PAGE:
8 the company. The existence of agency costs caused by information asymmetry is considered important, and several studies argue that the fact that the investors have less information than the shareholders, it is verified the persistence of inflationary effect on the interest rate because the investor is more pessimistic (Cortez & Susanto, 2012). Contrary to the assumptions of analysis of Modigliani & Miller (1963) as well as models of trade-off where i tis possible to establish a good relationship between debt and equity, and in a given level of debt, identify the tax benefits and bankruptcy costs, arises a new approach developed by Myers and Majluf (1984) that came to be known as the pecking order theory. This current does not admit the existence of an optimal capital structure or optimal level of debt, but that companies follow a hierarchical order of preference by types of debt - are first used internal resources available, and when these are insufficient, make use of to external funds (debt capital, subordinated debt, and last, issue of shares). This order is justified by the absence of additional costs on internally generated funds. Additionally, Fama & French (2001) consider the existence of costs of hierarchical order as the costs of issuing shares and related costs to provide information to managers and, thus, to avoid problems with costs and asymmetric information, argue that the companies should start by financing with retained earnings and only then the debt in the market and, finally, with the issuance of capital. The issue of capital may occur in two situations, without contradicting the theory: the first when the companies need reserves for future events not yet provided, as is admitted by Shyam-Sunder & Myers (1999); the second, when information asymmetry ceases to exist, even momentarily for any reason, encouraging companies to issue equity at a fair price, according to the scenario advocated by Myers (1984). Finally, Frank & Goyal (2004), supporting the study of Myers (1984) consider that the pecking order theory comes from the existence of asymmetric information between managers and investors, and is not established a great structure capital, concluding that exists three sources of business financing: retained earnings, equity and debt capital. These authors consider the possibility of company stock are incorrectly assessed by the market (under or overvalued) and, in a situation of undervaluation, the resource of issuance of shares to finance the company allows new shareholders to appropriating of a value higher than the fair. 7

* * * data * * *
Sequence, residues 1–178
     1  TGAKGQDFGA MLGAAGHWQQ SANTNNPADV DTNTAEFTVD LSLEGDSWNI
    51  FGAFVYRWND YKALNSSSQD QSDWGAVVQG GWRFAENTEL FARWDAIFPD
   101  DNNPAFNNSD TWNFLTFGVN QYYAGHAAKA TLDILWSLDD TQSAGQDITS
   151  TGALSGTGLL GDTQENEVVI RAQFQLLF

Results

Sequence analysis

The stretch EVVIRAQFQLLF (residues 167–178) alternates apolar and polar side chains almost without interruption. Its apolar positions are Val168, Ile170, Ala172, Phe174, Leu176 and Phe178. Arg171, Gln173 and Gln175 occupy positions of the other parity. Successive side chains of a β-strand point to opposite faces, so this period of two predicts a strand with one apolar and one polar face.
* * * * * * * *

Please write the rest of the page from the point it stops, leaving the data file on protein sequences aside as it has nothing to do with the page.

9 More recently and with a new building on the capital markets approach, the study of Baker & Wurgler (2002) giving rise to the theory of market timing appears. More recently and with a new approach based on the capital markets, appears the study of Baker & Wurgler (2002) giving rise to the theory of market timing appears. These authors consider the capital structure of the companies as a function of the managers options when looking to make the changes in the share price in the capital market and, thus, optimize the cash inflow - new issues of capital when the stock is overvalued and repurchase when the action is undervalued. The practice of market timing suggests that the choice of optimal moment to issue new shares is the decisive factor in the corporate financing strategy. Funding decisions depend on factors external to the company - such as share appreciation in the market - dependent on the perceptions of the agents: positive or negative expectations of the investors will correspond to times when the company's shares are overvalued or undervalued, respectively. Companies seek to issue new shares when the market value is high relative to accounting value and historical value. The practice of market timing by the companies was evident in the work of Frankel & Lee (1998) and La Porta (1996) when they studied the growth opportunities and their relationship (inverse) to the profitability of actions and relationship with the expectation of investors. Finally, Aydogan Alti (2006) evaluates the effects of the market timing theory for the non-financial companies in the USA and confirms the negative correlation between debt and market overvaluation. 8